The Parathyroid Glands
The human body is complex and multi-faceted. Interworking parts spread throughout the body must all function in tandem for optimal health, growth and development. The glands in the body, small organs responsible for the production of hormones, are some of the most important structures within the human body.
Of the glands in the human body, the parathyroid glands, are often misunderstood or mislabelled. Because their name sounds similar to the thyroid, many people mistakenly believe that the thyroid and parathyroid glands are one in the same. In fact, the parathyroid has a completely different function to the thyroid.
What Do the Parathyroid Glands Do?
The parathyroids only shares its name with the thyroid because of its close proximity to the thyroid gland. In some people, the parathyroid glands are actually housed within the thyroid, but more commonly the parathyroids are located on either side of the neck or even in the upper chest. The parathyroids are responsible for producing hormones that regulate the amount of calcium within the blood and in the bones. Because calcium is important for strong and healthy bones, the parathyroid gland is highly significant. The parathyroids also play a part in the regulation and processing of Vitamin D, an essential vitamin that is absorbed through diet and by exposure to sunlight.
What are the Common Symptoms Associated with Low Parathyroid Function
If the parathyroid gland fails due to injury, heredity, or adverse reaction to medication or radiation treatments, several serious symptoms may occur. The most apparent symptom of low parathyroid function is dramatic changes in mood. Individuals with poor parathyroid gland function may be irritable, depressed, easily angered or unpredictable. People may also experience muscle cramps and aches, difficulty breathing, hyperventilation, loss of feeling in the extremities or even serious seizures in some cases. This is why it is so important to monitor the function of this gland.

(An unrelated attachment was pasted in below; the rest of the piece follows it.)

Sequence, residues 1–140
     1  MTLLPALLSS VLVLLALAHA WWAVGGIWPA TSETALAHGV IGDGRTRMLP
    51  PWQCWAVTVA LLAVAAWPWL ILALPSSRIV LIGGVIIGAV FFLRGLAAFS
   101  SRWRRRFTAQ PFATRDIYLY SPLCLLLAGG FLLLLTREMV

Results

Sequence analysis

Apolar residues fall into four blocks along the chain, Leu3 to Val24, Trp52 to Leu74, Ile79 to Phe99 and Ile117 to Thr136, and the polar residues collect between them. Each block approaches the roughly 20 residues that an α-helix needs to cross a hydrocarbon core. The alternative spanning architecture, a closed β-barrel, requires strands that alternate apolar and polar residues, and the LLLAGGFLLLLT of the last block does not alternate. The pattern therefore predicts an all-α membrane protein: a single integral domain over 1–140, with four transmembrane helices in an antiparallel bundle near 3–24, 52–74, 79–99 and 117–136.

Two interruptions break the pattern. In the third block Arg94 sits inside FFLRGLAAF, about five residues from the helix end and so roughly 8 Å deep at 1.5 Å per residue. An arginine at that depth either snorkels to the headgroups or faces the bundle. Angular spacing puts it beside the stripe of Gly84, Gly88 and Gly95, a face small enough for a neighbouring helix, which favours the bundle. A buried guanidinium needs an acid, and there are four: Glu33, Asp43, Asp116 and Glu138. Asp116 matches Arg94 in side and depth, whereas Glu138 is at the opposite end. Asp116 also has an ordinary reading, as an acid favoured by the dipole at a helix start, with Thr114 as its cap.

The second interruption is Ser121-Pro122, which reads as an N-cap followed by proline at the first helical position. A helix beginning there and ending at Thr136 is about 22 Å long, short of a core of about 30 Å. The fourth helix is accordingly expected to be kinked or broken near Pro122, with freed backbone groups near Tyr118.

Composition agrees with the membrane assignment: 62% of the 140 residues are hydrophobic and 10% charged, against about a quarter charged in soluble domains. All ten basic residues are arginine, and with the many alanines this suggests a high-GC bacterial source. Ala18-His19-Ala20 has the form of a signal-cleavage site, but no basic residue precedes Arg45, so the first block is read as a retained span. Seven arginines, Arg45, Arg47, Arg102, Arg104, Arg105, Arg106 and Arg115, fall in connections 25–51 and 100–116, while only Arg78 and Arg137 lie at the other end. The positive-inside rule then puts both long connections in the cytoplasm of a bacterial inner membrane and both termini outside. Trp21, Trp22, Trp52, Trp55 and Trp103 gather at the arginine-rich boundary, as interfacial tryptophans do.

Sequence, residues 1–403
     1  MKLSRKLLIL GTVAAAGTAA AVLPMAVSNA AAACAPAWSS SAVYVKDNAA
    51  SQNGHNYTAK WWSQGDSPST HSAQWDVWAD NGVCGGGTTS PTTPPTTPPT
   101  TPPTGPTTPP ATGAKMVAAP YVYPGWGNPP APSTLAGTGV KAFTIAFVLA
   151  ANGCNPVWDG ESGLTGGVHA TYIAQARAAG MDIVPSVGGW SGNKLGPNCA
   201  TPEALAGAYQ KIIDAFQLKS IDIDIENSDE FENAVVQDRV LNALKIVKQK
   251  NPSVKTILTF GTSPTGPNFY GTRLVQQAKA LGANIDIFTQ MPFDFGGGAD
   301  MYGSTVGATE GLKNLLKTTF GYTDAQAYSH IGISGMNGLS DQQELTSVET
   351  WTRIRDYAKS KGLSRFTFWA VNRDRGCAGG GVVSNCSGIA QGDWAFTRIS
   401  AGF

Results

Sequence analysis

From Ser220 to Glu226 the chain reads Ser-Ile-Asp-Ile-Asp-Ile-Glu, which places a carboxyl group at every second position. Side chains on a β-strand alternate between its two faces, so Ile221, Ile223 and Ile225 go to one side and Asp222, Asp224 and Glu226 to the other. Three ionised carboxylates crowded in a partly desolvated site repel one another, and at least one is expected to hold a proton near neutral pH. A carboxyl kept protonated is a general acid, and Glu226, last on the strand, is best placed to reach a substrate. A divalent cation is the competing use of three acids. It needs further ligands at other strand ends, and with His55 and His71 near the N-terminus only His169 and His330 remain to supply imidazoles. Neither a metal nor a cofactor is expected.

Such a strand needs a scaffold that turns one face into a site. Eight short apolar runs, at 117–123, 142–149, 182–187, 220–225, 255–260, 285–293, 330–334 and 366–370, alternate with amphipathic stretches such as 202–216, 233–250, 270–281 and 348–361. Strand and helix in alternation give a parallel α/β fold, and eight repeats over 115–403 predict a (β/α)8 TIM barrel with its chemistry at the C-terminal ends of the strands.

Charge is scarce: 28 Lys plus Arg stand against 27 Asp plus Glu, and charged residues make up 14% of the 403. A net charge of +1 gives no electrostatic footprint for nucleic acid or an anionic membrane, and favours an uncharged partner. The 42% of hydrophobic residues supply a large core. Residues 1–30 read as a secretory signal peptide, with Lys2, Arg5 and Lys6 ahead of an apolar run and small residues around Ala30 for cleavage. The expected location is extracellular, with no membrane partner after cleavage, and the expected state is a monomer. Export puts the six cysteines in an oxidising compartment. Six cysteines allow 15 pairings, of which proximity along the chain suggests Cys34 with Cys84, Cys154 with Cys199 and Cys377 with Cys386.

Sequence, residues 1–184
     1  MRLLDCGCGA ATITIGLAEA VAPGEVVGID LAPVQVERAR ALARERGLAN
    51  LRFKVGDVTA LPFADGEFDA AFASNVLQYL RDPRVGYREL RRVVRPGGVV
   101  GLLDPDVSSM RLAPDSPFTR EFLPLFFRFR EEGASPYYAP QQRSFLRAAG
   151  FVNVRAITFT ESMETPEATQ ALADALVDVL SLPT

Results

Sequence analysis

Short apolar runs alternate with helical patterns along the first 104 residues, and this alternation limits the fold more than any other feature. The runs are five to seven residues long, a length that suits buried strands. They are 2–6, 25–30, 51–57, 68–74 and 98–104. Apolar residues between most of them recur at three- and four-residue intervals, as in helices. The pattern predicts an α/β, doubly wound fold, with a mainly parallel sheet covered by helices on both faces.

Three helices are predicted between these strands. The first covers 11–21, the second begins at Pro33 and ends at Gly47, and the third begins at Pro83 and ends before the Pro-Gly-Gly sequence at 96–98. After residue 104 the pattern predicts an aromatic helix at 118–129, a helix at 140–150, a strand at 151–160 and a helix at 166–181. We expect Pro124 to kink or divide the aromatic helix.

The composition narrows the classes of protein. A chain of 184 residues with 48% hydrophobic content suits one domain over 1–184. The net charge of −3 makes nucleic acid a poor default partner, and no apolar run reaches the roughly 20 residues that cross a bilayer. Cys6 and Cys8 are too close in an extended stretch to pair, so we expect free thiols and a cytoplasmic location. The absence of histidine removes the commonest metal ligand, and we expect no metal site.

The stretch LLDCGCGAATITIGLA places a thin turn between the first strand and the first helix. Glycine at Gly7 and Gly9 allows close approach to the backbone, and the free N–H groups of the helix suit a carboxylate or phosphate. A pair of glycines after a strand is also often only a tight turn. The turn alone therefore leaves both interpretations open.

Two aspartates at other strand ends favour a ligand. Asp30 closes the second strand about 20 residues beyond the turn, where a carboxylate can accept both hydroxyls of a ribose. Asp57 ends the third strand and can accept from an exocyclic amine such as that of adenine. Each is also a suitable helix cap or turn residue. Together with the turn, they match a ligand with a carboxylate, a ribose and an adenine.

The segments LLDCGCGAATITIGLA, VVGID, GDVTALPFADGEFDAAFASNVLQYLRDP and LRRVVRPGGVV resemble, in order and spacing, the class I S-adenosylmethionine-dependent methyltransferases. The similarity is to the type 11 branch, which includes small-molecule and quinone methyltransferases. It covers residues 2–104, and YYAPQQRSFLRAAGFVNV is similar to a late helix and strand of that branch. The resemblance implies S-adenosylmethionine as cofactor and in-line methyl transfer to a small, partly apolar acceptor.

Overactive Parathyroid Symptoms
Hyperparathyroidism results from overactivity of the parathyroid glands. This leads to excess production of parathyroid hormone. Excessive parathyroid hormone secretion may be due to problems in the glands themselves, in which case it is referred to as primary hyperparathyroidism and which leads to raised calcium levels. It may also occur in response to low calcium levels, as encountered in various situations such as vitamin D deficiency or chronic kidney disease; this is referred to as secondary hyperparathyroidism. In all cases, the raised parathyroid hormone levels are harmful to bone and treatment is needed.
Consulting a Specialist
If you believe that you are experiencing any parathyroid gland related symptoms, and especially if you have a family history parathyroid gland problems, it is important to consult a doctor. Parathyroid gland problems are straightforward to treat and treatment options are often very effective. Leaving a parathyroid problem untreated can cause serious health disorders. A physician can test calcium and parathyroid hormone levels within your blood and determine whether or not the parathyroid glands are creating appropriate levels of these hormones. Early diagnosis is the best way to prevent serious health issues from developing.
If you have questions or concerns about parathyroid problems see your local doctor who will arrange for you to see a thyroid surgeon.